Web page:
One of the interesting side stories of Hurricane Katrina was the decision of the New Orleans Police to confiscate guns from law-abiding citizens after the hurricane. Ostensibly this was to help put down the looting and crime, but the reality is that this action by the police department left many citizens defenseless at a time when crime was rampant and police assistance was not readily available. Whether or not the police had the authority to take this action under emergency power orders by the governor is a subject of debate.

A judge has issued a temporary restraining order that the gun seizures must stop and any guns confiscated must be returned to law-abiding, legal gun owners.

We Love Rachael Ray, "America's Darling"

A Q&A with Food Network personality Rachael Ray.

Happening on a Rachael Ray cooking program one evening earlier this year, I watched her and realized "I can do that, and it looks like fun, too."

Rachael has also enchanted my two younger children, who are proud owners of her book Cooking Rocks!.

I like this quote from Newsweek: "Rachael has a personality that makes people feel welcome in the food world."

The Weather Channel

Many of us have been glued to The Weather Channel in recent's a Los Angeles Times story on the channel and its hopes to maintain increased viewership over the long run.

Friday, September 23, 2005

Darned If He Does and If He Doesn't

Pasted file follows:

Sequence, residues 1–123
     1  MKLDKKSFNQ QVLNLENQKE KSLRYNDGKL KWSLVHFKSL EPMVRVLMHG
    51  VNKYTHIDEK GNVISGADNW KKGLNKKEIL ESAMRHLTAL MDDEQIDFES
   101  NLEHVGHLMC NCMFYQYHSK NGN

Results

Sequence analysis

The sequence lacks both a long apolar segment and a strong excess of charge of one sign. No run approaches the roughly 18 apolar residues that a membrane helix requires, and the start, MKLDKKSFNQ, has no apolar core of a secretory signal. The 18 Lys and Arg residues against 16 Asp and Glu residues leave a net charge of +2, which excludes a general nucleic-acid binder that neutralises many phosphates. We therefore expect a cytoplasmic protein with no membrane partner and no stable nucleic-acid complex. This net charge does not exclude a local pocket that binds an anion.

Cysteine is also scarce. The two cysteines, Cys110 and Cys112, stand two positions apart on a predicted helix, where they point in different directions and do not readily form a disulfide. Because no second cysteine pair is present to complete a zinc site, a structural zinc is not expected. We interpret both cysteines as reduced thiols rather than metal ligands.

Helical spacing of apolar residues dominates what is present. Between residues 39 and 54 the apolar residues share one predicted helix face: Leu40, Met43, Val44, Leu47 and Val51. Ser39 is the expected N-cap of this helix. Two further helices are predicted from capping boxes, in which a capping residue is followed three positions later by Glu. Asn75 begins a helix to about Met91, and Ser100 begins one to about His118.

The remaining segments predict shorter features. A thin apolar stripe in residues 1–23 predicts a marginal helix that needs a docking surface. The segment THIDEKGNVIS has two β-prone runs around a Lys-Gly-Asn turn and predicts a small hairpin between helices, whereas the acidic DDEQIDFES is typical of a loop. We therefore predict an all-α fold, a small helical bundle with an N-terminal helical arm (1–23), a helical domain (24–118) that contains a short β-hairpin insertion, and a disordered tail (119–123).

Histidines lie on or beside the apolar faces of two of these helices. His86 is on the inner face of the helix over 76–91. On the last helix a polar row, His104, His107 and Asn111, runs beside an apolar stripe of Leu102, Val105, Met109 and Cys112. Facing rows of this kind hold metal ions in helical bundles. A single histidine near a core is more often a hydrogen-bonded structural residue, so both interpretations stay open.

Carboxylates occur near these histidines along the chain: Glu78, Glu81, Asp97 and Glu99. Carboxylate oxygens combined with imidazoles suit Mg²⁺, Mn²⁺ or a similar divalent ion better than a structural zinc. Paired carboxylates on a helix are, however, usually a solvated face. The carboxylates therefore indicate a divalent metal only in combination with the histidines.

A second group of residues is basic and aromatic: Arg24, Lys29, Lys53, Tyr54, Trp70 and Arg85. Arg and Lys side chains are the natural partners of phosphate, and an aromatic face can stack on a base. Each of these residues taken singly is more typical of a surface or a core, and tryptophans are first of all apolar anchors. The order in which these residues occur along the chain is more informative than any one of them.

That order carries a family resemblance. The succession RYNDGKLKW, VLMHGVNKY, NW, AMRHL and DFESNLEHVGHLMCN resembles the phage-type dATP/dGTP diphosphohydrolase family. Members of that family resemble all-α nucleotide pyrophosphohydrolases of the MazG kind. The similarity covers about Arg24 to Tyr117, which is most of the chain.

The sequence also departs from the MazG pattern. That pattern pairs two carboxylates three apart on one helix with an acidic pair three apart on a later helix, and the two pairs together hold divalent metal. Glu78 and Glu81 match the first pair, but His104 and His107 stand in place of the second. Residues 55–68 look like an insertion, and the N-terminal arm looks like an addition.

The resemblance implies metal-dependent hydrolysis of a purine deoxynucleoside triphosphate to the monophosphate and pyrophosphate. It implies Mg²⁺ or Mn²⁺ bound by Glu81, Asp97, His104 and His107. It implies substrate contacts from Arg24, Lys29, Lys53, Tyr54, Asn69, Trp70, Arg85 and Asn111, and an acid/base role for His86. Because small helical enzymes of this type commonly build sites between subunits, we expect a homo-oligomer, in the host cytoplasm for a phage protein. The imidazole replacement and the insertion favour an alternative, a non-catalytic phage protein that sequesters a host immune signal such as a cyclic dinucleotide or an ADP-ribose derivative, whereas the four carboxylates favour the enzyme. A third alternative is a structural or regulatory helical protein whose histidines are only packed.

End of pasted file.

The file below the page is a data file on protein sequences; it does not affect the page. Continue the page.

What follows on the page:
National Review's Media Blog noticed that Bush was questioned by reporters about his "being in the way" supervising the response to Hurricane Rita from close range...this is the same press corps who complained that Bush did not pay adequate attention to Hurricane Katrina.

Census Bureau Overreach

Last time I filled out a census, I enclosed a letter noting that I was answering personal questions under protest, and cited the actual wording in the Constitution about "enumeration."

The Orange County Register writes today about the latest Census project, the "American Community Survey," which replaces the "long form" of the Census. I wonder how many answers to these intrusive questions end up in the wrong hands and lead to identity theft?

I think it's time to write my representatives in Washington about this issue, and I hope my readers will do the same.

California's Scary Preschool Initiative

Following up on yesterday's post about early childhood education, here's an editorial about the Preschool for All initiative which will be on the ballot in California next June. The initiative is sponsored by yet another actor, Rob Reiner.

This initiative is a bad idea in countless ways. As I posted yesterday, some research shows that long-term preschool benefits are questionable. The initiative mandates that "free" (taxpayer-funded) preschools exist for all 4-year-olds no farther than the local public kindergarten. How much land is available in established neighborhoods for new preschools which aren't on public school property?

Then there's the issue of whether this will lead to mandatory preschool for 4-year-olds and then 3-year-olds. Remember the teacher's quote from yesterday's post: "Since schools are doing so much of the education, nurturing and socialization of kids these days, it's better to get them in earlier..."

Eventually the nanny state may want to take over raising children altogether.

Georgia Schools to Close to Save Gas

Has anything like this happened during energy crises in the past? The Governor of Georgia is asking his state's schools to close next Monday and Tuesday to conserve gas and energy.

File under "one more reason to homeschool"?

Hugh Hewitt's Advice on Schumer Scandal

Hugh Hewitt's on a roll this week. Today he dispenses some hilarious advice to Senator Schumer and the Democratic Senatorial Campaign Committee for handling the growing scandal surrounding Senator Schumer's staffers digging up credit reports on political opponents.